Abstract: This article presents the results of a qualitative study of the funding and governance provisions of 12 public pension plans that are a mix of state and local plans of various funding levels. We find that none of the plans in our study satisfy the best practices that have been established by expert panels, but also that the strength of a plan's governance provisions does not appear correlated with the plan's financial health. Our most important finding is that, regardless of the content of a plan's governance provisions, such provisions are almost never effectively enforced. This lack of enforcement, we theorize, has a significant, detrimental impact on plan funding and governance. If neither plan participants nor state taxpayers are able to effectively monitor and challenge a state's inadequate funding or improper investment decisions, public plans are very likely to remain underfunded. We conclude by offering several possible reform options to address the monitoring and enforcement problems made clear by our study: automatic benefit haircuts, automatic tax increases, a low-risk investment requirement, and market monitoring through the use of modified pension obligation bonds.

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2012-03 ; Stephan Whitaker; Economic Commentary
Abstract: Swelling REO inventories are the latest fallout of the housing crisis, costing lenders money and contributing to neighborhood blight. Yet lenders could avoid taking on so much REO if they could more accurately estimate the value of the homes they foreclose on, especially in weak housing markets. Correcting this apparent misunderstanding of the market could speed the clearing of REO inventories, save lenders money, and help stabilize housing markets.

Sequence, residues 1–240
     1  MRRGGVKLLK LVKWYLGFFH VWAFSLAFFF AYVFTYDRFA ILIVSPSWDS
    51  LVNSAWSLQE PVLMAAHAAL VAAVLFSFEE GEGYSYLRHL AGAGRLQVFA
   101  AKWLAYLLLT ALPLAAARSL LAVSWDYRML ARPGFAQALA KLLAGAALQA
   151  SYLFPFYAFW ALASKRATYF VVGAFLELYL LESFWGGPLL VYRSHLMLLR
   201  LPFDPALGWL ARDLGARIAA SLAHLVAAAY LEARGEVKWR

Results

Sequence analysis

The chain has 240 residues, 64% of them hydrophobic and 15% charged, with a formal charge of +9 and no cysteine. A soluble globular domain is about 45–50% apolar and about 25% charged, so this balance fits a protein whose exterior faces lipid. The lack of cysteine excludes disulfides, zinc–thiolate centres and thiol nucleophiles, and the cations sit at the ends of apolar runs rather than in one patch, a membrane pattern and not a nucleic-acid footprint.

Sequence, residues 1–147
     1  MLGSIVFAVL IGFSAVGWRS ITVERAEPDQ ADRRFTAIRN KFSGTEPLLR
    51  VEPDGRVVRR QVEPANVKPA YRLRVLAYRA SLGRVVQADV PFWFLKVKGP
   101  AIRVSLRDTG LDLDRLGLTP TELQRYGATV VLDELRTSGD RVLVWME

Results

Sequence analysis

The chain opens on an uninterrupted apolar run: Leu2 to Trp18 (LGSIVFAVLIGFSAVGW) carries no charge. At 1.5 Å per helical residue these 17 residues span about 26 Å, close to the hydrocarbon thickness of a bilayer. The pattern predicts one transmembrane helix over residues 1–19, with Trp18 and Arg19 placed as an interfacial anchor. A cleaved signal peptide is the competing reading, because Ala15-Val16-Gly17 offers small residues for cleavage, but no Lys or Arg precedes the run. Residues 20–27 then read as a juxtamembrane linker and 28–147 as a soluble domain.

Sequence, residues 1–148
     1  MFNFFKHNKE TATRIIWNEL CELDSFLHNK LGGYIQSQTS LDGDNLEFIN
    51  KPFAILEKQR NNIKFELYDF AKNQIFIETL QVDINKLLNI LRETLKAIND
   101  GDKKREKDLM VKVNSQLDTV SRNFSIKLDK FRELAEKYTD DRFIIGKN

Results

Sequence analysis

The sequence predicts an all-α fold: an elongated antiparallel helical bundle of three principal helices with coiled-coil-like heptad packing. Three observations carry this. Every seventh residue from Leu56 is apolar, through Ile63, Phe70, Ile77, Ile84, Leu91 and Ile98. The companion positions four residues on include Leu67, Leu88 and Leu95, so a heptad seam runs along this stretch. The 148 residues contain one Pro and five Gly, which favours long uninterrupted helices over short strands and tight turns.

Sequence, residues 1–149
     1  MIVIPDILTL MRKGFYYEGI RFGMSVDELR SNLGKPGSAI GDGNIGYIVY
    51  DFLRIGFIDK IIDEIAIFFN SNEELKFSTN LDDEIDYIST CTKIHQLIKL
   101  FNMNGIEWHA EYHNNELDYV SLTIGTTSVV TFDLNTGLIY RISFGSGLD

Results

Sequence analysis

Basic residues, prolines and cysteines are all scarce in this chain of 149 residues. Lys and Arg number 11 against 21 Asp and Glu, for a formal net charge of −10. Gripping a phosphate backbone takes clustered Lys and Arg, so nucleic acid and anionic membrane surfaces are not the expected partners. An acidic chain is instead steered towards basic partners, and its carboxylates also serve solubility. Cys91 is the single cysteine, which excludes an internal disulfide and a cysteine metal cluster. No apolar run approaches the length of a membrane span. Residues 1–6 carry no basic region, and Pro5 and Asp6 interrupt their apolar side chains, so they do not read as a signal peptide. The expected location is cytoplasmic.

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2012-01 ; Moira Kearney-Marks; James B Thomson; Economic Commentary
Abstract: Everyone recognizes the need to have a credible resolution regime in place for financial companies whose failure could harm the entire financial system, but people disagree about which regime is best. The emergence of the parallel banking system has led policymakers to reconsider the dividing line between firms that should be resolved in bankruptcy and firms that should be subject to a special resolution regime. A look at the history of insolvency resolution in this country suggests that a blended approach is worth considering. Activities that have potential systemic impact might be best handled administratively, while all other claims could be dealt with under a court-supervised resolution.

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January, 2012 Vol. 3, No. 1 ; Forefront
Abstract: When a lender takes ownership of foreclosed property, it gets a new name—real estate owned—and goes back into the hands of the lender. And for scores of lenders and neighborhoods, that's a problem.

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2011-25 ; Mary Zenker; Economic Commentary